Somen     [161 Somen (Japan); Somyeon (Korea)]
Somen 161

Very popular in Japan, these are very thin wheat noodles usually used in clear soups, added in the last few minutes as they cook very fast. Identical noodles are used in Korea, but much more widely, appearing in many both hot and cold dishes. Made in Japan, round, 8 x 0.040 inches. Ingred: wheat flour, water, salt.

Korean Wide Noodles     [343, Chopped noodle]

Used much less than the Somen type, this dried noodle imitates the fresh "cut noodles" made in households. Someone with a less than perfect grasp of English named them "Chopped Noodles". Made in Korea, 0.130 x 0.040 inches by 8-5/8 inches long. Ingred: wheat flour, water, salt.

Shanxi Noodles   -   [232]
Shanxi Noodles 232 These wide noodles are very popular in northern China (Shanxi province is a little southwest of Beijing) They are usually 0.40 inch thick, 0.29 inch wide and 7.3 inches long. Wheat flour, salt. Made in China.

Chinese Style, Thin   -   [216]
Chinese Style Thin Noodles 216 This is one of the most common of the Chinese style "egg" noodles (many of which have yellow dye rather than egg). The FDA used to require these to be labeled "artificial noodle", but now "Asian noodle" or "Chinese style noodle" are accepted, but some still use the old designation. Packed in 1-3/4 ounce skeins of noodles 0.040 inch diameter, made in Hong Kong. Ingred: wheat flour, corn starch, egg, FD&C Yellow #5; alternatively wheat flour, corn starch, egg, lye, water, FD&C Yellow #5. I usually select brands that have actual egg in them.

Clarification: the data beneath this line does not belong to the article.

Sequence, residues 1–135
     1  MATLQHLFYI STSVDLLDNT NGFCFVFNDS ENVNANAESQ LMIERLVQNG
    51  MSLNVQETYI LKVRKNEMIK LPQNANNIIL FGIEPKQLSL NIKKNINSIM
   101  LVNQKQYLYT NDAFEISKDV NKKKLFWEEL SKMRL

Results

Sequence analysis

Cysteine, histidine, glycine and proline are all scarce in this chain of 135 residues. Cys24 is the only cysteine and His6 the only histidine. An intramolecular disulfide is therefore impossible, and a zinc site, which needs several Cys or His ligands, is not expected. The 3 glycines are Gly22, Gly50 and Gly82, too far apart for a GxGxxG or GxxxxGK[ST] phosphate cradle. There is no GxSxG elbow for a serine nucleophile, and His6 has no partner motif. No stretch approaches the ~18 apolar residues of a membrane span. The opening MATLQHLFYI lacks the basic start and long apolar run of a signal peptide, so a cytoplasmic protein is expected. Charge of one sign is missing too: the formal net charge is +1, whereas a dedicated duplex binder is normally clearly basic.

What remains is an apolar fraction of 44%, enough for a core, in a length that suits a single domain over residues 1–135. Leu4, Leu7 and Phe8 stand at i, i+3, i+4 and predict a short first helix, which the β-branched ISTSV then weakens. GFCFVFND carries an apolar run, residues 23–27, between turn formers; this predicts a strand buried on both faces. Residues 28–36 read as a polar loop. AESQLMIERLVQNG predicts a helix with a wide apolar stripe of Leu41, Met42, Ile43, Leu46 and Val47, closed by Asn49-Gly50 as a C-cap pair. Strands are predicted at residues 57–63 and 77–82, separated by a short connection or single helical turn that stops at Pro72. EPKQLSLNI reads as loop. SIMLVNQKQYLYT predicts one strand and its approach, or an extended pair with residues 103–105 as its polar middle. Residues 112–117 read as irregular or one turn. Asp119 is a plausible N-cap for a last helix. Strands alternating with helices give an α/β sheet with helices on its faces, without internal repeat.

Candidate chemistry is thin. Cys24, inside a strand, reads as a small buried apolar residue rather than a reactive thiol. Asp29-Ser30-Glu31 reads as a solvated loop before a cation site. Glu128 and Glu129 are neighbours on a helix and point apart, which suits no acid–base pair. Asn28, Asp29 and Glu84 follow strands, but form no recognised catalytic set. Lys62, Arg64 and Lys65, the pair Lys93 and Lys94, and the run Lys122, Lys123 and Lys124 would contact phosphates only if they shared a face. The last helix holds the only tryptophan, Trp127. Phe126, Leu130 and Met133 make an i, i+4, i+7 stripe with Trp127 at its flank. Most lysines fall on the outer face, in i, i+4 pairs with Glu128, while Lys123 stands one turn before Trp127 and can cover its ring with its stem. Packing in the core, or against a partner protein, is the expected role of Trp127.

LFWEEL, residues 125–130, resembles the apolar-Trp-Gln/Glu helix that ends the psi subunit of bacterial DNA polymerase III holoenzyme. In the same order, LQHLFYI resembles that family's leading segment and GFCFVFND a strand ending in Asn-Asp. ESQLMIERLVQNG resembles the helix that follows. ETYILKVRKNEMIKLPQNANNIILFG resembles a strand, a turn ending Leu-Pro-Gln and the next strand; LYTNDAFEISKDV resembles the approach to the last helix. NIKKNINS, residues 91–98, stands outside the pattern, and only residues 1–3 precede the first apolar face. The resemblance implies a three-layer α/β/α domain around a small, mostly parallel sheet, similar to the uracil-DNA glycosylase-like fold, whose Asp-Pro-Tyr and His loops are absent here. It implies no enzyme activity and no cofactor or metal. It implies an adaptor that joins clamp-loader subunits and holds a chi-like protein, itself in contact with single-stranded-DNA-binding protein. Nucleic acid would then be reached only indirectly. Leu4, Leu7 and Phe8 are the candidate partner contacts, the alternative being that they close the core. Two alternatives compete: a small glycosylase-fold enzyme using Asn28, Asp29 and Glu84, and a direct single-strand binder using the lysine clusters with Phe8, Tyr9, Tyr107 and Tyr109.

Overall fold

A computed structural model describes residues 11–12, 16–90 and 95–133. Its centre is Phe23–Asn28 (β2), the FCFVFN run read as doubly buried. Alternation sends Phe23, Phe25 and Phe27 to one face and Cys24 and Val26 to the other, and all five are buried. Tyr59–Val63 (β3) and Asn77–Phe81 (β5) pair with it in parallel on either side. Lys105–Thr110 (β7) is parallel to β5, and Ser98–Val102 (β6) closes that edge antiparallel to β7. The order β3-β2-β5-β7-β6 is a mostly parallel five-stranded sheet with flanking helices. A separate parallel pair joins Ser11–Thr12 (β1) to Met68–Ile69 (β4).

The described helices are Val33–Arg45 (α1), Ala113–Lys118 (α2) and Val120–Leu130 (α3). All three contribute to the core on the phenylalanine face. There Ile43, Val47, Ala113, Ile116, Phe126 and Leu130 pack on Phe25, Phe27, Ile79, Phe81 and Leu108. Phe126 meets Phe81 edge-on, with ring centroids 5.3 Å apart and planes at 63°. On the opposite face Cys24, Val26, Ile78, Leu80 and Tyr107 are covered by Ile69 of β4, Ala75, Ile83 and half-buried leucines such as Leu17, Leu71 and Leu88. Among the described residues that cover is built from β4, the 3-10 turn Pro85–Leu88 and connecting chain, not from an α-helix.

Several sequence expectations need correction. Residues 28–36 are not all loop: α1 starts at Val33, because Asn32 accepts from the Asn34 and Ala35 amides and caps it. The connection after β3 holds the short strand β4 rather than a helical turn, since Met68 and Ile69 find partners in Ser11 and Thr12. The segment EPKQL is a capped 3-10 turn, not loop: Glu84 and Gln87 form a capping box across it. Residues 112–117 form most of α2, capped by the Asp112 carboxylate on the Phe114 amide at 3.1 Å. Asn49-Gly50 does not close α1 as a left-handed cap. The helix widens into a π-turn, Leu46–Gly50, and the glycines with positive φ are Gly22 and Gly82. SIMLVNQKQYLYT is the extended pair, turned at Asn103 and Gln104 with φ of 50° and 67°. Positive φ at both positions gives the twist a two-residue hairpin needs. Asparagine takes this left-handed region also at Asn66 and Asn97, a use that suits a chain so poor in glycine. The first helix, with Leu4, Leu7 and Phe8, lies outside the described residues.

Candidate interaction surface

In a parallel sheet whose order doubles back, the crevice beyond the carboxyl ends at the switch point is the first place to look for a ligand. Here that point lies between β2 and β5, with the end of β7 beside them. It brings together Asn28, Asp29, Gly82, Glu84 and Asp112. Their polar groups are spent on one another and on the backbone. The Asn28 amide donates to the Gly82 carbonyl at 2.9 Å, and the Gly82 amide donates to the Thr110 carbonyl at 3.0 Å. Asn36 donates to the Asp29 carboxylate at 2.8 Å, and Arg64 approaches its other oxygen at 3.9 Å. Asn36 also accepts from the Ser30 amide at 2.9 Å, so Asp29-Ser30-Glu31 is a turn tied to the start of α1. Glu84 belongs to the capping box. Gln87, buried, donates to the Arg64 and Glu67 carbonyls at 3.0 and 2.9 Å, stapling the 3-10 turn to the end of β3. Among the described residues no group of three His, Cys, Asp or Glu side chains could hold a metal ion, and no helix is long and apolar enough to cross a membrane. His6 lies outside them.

Chinese Style, Wide   -   [291]
Chinese Style Wide Noodles 291 A wider version of Chinese Style "egg" noodles (many of which have yellow dye rather than egg). The FDA used to require these to be labeled "artificial noodle", but now "Asian noodle" or "Chinese style noodle" are accepted, but some still use the old designation. Packed in 1 ounce skeins of noodles 0.12 inch wide and 0.025 inch thick, made in Vietnam. Ingred: wheat flour, egg, water, lye, vegetable oil. I usually select brands that have actual egg in them.

Crispy Chow Main Noodles   -   [341]
Crispy Chow Main Noodles 341